The Jewish Federation of Greater Binghamton will present the 92Y Live
program “America and Israel: The Way Forward” on Thursday, December 4,
at 8:15 pm promptly, at the Jewish Community Center, 500 Clubhouse Rd.,
Vestal. This will be a live program broadcast from the 92nd Street Y in
New York City.
Community members will have an opportunity to celebrate the fifth night
of Chanukah at the annual “Hanukkah Night at the Binghamton Senators”
hockey game, on Saturday, December 20, at 7:05 pm at the Floyd L. Maines
Veterans Memorial Arena, downtown Binghamton.
This year’s Community Chanukah celebration, open to the entire
community, will be held on the third night of Chanukah, Thursday,
December 18, from 5:15-7 pm, at the Jewish Community Center, 500
Clubhouse Rd., Vestal.
Temple Beth El will hold its annual Chanukah Festival and Book Fair in
anticipation of the holiday on Sunday, December 7, from 9 am-3 pm.
Chanukah will begin this year the evening of Tuesday, December 16. The
temple is located at the corner of Court and Tioga Streets in downtown
The Hanukkah House Museum of Temple Concord is a seasonal teaching
museum, housed in the Kilmer Mansion, 9 Riverside Dr., Binghamton. The
museum is now open to the public through Sunday, December 28. Hours are
Tuesday, Saturday and Sunday from noon-4 pm, and Thursday from 4-8 pm.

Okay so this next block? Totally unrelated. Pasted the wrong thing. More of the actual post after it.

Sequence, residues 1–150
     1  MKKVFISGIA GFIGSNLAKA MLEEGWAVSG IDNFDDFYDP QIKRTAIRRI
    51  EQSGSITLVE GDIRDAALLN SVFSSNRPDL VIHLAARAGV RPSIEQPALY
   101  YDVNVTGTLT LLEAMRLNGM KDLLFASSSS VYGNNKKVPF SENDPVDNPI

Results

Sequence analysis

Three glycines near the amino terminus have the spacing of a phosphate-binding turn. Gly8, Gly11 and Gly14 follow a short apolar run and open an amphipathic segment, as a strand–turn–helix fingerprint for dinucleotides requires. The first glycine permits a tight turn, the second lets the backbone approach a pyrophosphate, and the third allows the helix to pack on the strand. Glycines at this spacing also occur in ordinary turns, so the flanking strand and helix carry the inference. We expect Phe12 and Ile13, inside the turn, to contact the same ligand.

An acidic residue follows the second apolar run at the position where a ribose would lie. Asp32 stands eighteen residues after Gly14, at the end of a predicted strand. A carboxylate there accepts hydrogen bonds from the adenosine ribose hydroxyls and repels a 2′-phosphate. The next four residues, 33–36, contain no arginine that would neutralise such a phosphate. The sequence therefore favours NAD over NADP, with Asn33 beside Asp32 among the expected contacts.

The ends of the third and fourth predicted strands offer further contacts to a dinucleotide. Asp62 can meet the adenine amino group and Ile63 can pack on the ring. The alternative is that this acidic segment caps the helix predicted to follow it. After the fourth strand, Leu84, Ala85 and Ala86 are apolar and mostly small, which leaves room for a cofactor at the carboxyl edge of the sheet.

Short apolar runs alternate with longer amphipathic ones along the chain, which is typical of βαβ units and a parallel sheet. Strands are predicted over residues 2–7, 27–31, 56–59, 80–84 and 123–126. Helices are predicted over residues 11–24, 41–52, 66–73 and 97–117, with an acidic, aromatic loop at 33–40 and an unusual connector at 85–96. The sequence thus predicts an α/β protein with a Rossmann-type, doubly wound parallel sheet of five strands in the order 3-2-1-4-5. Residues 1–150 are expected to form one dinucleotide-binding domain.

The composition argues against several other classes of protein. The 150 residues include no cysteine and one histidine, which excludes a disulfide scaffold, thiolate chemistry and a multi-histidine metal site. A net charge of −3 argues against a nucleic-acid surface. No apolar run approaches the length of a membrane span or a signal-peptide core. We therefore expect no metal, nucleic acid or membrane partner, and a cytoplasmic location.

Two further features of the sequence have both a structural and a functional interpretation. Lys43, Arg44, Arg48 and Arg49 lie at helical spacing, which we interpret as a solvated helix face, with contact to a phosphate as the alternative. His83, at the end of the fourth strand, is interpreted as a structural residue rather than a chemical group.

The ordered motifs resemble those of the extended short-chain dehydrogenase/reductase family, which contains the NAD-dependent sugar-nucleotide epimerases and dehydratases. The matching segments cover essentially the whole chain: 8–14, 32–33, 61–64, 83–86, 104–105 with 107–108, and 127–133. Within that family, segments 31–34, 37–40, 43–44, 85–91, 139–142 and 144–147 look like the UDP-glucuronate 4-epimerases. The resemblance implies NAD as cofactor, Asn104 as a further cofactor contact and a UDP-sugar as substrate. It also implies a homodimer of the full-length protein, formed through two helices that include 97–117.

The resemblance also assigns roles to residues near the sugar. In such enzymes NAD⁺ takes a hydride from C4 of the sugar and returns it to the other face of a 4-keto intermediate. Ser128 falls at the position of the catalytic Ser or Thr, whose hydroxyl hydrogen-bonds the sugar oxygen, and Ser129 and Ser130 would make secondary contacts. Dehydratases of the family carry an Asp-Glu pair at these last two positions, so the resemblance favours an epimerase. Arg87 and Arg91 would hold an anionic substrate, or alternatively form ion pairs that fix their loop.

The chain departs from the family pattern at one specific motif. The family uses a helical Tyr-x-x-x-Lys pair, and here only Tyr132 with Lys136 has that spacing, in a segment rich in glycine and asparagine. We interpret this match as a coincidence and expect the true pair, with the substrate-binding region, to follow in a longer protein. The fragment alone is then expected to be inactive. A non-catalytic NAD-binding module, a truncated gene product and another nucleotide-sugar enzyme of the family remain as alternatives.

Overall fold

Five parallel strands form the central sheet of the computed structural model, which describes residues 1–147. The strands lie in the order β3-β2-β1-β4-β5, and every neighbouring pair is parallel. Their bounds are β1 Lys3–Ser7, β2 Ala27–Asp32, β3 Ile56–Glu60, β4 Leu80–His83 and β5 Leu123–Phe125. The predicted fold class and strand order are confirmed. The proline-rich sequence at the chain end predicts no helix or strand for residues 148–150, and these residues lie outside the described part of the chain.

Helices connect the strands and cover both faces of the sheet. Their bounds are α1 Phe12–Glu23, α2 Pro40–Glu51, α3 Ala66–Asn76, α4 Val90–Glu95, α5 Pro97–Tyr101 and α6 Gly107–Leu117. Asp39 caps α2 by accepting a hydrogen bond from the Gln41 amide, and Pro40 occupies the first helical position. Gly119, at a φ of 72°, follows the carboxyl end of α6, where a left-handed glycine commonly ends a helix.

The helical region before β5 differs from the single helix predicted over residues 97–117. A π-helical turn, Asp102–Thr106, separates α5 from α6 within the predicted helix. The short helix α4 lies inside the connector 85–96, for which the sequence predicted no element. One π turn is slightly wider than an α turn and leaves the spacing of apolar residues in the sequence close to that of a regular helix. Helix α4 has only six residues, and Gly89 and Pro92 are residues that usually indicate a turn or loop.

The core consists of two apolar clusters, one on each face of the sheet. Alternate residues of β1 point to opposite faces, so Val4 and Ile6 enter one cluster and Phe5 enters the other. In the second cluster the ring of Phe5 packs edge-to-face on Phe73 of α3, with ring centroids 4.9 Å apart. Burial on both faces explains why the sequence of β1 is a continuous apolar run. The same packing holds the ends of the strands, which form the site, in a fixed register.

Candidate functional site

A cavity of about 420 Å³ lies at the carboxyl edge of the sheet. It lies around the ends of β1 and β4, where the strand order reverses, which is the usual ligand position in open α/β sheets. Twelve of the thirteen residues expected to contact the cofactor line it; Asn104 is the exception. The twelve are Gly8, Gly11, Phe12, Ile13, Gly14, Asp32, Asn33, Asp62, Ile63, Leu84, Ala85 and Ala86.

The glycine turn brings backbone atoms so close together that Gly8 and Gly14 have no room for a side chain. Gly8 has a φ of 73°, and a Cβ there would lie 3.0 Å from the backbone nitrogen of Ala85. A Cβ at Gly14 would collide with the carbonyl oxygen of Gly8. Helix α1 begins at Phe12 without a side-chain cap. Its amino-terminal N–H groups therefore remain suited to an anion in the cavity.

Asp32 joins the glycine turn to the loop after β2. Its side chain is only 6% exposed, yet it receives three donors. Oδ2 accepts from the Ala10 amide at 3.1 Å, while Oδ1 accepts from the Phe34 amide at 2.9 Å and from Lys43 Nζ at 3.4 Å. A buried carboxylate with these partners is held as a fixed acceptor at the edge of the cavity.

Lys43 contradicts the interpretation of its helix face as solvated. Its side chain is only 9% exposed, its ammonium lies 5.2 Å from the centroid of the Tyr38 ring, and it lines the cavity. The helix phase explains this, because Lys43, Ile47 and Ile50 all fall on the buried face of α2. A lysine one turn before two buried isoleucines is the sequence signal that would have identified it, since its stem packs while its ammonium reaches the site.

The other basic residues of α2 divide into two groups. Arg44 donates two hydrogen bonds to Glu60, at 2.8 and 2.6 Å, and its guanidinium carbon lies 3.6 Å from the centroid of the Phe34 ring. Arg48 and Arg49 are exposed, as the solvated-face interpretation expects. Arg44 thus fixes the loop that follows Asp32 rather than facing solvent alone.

It will be closed on Thanksgiving, Thursday, November 27.
What do the laws of Shabbat and dragons have in common? The answer will
be obvious for readers of “Mindel and the Misfit Dragons: A Magical Tale
By An Ancient Hand” by Xianna Michaels (Alcabal Press). Michaels, the
daughter of Samuel and Clare Ladenheim, of Binghamton, uses poetry to
create a Medieval-style children’s story that combines Jewish faith with
a lesson in how everyone – even if they’re different – can find their
place in the world.
For most of his adult life, Lee Kravitz felt no need for organized
religion – particularly the Judaism he practiced in his youth. Although
during his teenage years he had experienced “a spiritual hunger,” as an
adult that desire subsided as he busied himself first with his career
and then his family. However, after several crises – including losing
his job and the terrorist attacks of September 11, 2001 – the
50-something Kravitz once again felt a spiritual yearning. In “Pilgrim:
Risking the Life I Have to Find the Faith I Seek” (Hudson Street Press),
he writes of his search for a meaningful religious experience and his
fears that doing so would alienate his secular-leaning wife and
One very beautiful rabbinic idea talks about the importance of each
individual life: Whenever we save a life, it is as if we’ve saved a
whole world. The inverse is also considered true: whoever destroys a
life is considered to have destroyed a whole world. This idea can be
found in a section of the Mishnah called Sanhedrin, which deals with a beit din, a Jewish court of law.
BOSTON (JTA) – Back in 1984, when Eric Kimmel was an up-and-coming
children’s book author, he tried his hand at a Chanukah story, one
featuring goblins. Overly cautious Jewish editors rejected the
manuscript, not knowing what to make of it, Kimmel recalled. “It was
strange. It didn’t look like any other Chanukah books and didn’t fit
into any neat category. It wasn’t a folk tale and it was kind of
creepy,” he told JTA with his signature sense of humor and